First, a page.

Science, Conflict and Globalisation

Subject 136-540 (2008)

Note: This is an archived Handbook entry from 2008.Search for this in the current handbook

Credit Points: 12.500
Level: Graduate/Postgraduate
Dates & Locations:

This subject is not offered in 2008.

Time Commitment: Contact Hours: A 2-hour seminar per week, to be held in the evening
Total Time Commitment: .
Prerequisites: Usually admission to the postgraduate diploma or fourth-year honours, or a postgraduate coursework program.
Corequisites: .
Recommended Background Knowledge: .
Non Allowed Subjects: .
Core Participation Requirements: .


Dr Rosemary Robins
Subject Overview:

The subject examines controversies in which science and technology are central to the management of uncertainty and to decisions about how we shall live. It focuses on the relationship between expertise, policy, and citizenship. It introduces students to several case-studies, such as hazardous waste management, the siting of a nuclear facility, logging of native forests, uranium mining, the release of genetically modified organisms into the environment, the conservation and management of water resources. Students will examine how decisions are made when the science is intrinsically difficult and uncertain. They will evaluate methods of stakeholder engagement and resolution of conflict. They will trace and analyse the strategies and pathways by which outcomes are negotiated and consider the scope and effectiveness of citizen involvement in decision-making. On completion of the subject students will have gained a greater appreciation of the complex relationships between science, policy and citizenship in areas of decision-making where science and technology are central.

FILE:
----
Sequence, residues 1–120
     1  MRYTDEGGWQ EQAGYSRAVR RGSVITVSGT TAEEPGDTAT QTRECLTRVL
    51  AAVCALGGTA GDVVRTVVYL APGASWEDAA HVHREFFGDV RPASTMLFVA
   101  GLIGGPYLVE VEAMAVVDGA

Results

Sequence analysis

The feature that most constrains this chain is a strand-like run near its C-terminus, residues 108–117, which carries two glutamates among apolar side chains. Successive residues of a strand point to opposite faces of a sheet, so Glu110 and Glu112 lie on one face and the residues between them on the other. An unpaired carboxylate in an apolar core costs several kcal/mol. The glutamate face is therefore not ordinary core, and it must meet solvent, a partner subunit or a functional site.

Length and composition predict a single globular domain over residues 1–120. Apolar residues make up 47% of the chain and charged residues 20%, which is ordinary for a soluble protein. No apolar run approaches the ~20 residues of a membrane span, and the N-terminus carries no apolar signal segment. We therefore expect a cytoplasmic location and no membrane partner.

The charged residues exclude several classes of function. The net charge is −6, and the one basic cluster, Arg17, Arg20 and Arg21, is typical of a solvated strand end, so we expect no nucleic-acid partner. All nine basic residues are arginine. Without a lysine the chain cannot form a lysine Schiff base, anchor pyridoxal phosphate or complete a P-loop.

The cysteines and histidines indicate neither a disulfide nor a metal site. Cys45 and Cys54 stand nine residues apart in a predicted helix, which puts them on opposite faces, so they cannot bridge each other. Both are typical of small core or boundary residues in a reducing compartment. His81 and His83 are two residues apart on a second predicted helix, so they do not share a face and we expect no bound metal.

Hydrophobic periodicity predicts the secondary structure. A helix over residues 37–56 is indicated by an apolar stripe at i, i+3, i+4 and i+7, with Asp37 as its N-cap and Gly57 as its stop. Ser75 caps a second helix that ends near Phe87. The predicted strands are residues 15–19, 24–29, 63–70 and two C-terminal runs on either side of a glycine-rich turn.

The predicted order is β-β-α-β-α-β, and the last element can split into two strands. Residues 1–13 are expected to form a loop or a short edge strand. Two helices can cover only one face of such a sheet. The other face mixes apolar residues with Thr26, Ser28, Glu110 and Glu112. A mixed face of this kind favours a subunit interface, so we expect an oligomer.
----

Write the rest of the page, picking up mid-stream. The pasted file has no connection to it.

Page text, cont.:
Assessment: Two 500 word papers totalling1000 words 30% (due during semester) and an essay of 4000 words 70% (due end of semester).
Prescribed Texts: A subject reader will be available.
Recommended Texts:


Breadth Options:

This subject is not available as a breadth subject.

Fees Information: Subject EFTSL, Level, Discipline & Census Date
Generic Skills:
  • have developed research skills;

  • have developed critical thinking and analysis;

  • be able to think in theoretical terms;

  • be able to understand social, ethical and cultural contexts;

  • be able to communicate knowledge intelligibly and economically;

  • have developed public speaking skills;

  • have developed written communication skills;

  • have developed good time management and planning.

Notes: .
Related Course(s): M.A.History & Philosophy of Science (Advanced Seminars & Shorter Thesis)
Master of Arts (International Studies)(Adv. Seminars and Shorter Thesis)
Master of Arts (Science, Communication and Society)
Postgraduate Certificate in Arts (History and Philosophy of Science)
Postgraduate Diploma in Arts (History & Philosophy of Science)

Download PDF version.